My grandmother’s recipe, a staple in our house growing up, this pita bread is crisp, fluffy perfection!
This didn’t start with me. It started in Jordan sometime in the 1940s, or maybe it was actually Palestine- and several years before that. My paternal grandmother who we called “Tata Em Saleem,” baked bread for her eleven children. Soft, puffy, and crispy rounds of pita bread that fed her family of thirteen.
When a family can’t always afford things like meat or even milk, three ingredients were easier to come by: flour, water and yeast, (a teeny bit of salt & sugar too I suppose…) My Dad’s fond memories of eating his Mom’s bread with every meal translated to our kitchen table, where no meal was complete without a few toasty rounds of bread.
In our home, pita bread (called “khubez” in Arabic,) was more of a utensil than a side dish as most things we ate were dipped. As a result, my sisters & I grew up to be proficient “dippers,” knowing how to use a piece of bread to accurately scoop up a bit of whatever delicious thing my parents had prepared.
Throughout the years I was able to taste this amazing homemade bread several times when either my Tata was visiting or one of my Aunties prepared it, but I always knew learning to bake it myself was a must. Luckily my Mom took notes on Tata’s recipe from when she visited when I was a kid, and we worked from those notes to recreate this fluffy, wonderful bread.
As far as bread recipes go, this one is pretty straightforward. Each step requires some proofing, but a couple hours of work results in the most perfect stack of puffy pitas. These are wonderful for making sandwiches, dipping, or anything else you heart desires. This recipe has officially become an heirloom for me and just maybe will for you too!
Note: After I first posted this recipe I have made it a few times, but my Mom is the one who has gone to make it every single week and really work out any kinks in the recipe. I made some edits as of 5/2018 that she insists make this a better recipe!
- 5 cups all purpose flour* (plus a little more for your work surface)
- 1 teaspoon yeast
- 1 teaspoon sugar
- 2 teaspoons salt
- 2-3 cups warm water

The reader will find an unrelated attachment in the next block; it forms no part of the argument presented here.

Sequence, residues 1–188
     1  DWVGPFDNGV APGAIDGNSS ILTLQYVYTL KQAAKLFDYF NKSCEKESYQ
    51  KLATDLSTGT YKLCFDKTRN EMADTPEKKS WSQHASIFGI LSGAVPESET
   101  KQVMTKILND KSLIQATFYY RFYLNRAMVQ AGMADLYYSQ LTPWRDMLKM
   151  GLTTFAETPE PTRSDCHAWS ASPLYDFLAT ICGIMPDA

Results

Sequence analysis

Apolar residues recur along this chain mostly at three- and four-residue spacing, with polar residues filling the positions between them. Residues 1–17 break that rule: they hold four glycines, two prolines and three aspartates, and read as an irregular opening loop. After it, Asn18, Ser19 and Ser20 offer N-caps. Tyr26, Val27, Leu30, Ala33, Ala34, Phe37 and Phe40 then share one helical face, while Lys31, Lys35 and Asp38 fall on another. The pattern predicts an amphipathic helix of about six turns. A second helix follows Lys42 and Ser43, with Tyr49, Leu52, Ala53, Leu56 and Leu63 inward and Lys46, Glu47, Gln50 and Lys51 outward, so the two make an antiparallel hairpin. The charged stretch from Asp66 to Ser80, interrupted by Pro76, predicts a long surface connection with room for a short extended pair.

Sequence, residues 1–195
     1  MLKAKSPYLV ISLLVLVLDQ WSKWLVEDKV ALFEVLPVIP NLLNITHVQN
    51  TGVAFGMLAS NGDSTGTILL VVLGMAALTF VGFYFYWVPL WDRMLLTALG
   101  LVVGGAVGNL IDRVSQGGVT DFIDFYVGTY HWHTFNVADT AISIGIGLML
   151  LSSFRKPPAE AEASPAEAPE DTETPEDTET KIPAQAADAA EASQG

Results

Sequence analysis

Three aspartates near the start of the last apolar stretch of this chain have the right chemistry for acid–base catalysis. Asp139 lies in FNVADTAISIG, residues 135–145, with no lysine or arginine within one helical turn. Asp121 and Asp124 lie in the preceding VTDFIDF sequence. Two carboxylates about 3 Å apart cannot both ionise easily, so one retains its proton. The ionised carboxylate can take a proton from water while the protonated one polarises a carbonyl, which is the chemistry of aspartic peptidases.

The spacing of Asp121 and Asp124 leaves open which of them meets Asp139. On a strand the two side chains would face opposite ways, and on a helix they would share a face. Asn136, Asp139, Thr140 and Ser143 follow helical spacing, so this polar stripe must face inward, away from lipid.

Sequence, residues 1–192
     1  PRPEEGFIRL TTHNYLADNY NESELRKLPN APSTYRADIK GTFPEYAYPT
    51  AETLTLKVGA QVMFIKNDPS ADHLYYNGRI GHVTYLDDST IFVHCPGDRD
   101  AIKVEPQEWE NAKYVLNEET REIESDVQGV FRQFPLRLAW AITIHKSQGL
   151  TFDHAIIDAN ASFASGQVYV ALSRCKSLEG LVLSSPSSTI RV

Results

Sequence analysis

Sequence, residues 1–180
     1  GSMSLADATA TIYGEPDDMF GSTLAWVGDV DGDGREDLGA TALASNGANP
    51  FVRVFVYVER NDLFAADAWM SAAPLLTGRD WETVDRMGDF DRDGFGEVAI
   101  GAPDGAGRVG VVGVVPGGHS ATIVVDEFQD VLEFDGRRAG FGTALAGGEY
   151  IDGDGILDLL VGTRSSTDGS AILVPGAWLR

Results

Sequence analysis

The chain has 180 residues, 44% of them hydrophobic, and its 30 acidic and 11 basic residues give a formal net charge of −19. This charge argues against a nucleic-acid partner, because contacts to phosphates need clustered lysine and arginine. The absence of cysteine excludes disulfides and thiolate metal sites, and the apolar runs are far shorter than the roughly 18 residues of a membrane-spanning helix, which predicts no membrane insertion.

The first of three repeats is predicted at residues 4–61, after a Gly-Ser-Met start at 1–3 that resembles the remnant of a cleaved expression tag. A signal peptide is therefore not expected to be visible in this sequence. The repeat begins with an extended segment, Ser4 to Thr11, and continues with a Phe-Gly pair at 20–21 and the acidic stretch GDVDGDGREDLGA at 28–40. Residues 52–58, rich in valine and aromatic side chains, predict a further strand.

- 2 tablespoons olive oil plus more for bowl
- In the bowl of a stand mixer fitted with a dough hook**, Stir together the flour, yeast, sugar, salt and olive oil.
- Turn the mixer on low and add the water, starting with 1 1/2 cups, and then adding about 1/2 cup at a time. You want the dough to be tacky, but not too sticky. You will know it is the right consistency when it sticks to the bottom of the bowl but pulls away from the sides. If you add too much water, add a little more flour until dough reaches the right consistency.
- Let the machine do it's magic for a few minutes until this consistency is achieved and the dough springs back when lightly pressed.
- Remove the dough, rub some oil onto the inside of the bowl and cover loosely with plastic wrap. Allow dough to proof in a warm place for 60-90 minutes or until doubled.
- When the dough is done proofing, punch it down and turn it onto a lightly floured surface. Use your hands to shape the dough into 8 equal-sized balls. (You can squeeze the dough through a small hole made with your fingers to shape it.)
- Place the balls of dough on a lightly floured surface and cover with a clean, damp, kitchen towel.
- On a floured surface, roll each dough ball into a thin round about 6 inches diameter. (1/4-1/2 inch thick) Cover rounds with the damp cloth while you finish rolling the rest.
- Let the rolled out dough rest for 20-30 minutes or until slightly puffy. (Depending on the temperature of your home your dough may not get puffy at this stage. If so don't worry, it will still bake up fine.)
- Preheat oven to 500F or as high as it will go. (The higher the better for this recipe.) Place an upside-down cookie sheet or pizza stone in the oven to get hot as well.
- Carefully place 2-3 dough rounds onto the pre-heated cookie sheet or pizza stone.*** (You can transfer them into the oven directly or bring the cookie sheet out.)
- Bake for about 6 minutes, or until dough is puffed up, golden, and slightly crisp. Repeat with remaining dough.
*You can use up to half white whole wheat flour, but will likely need more water to reach the desired consistency.
** My Tata obviously did this by hand, but since we had a stand mixer at our disposal that is how we tested the recipe. You could obviously knead the dough by hand as well.
*** My Mom likes to place her shaped dough rounds on a plastic place mat which makes it super easy to peel off and transfer to the cookie sheet. You could also use parchment paper.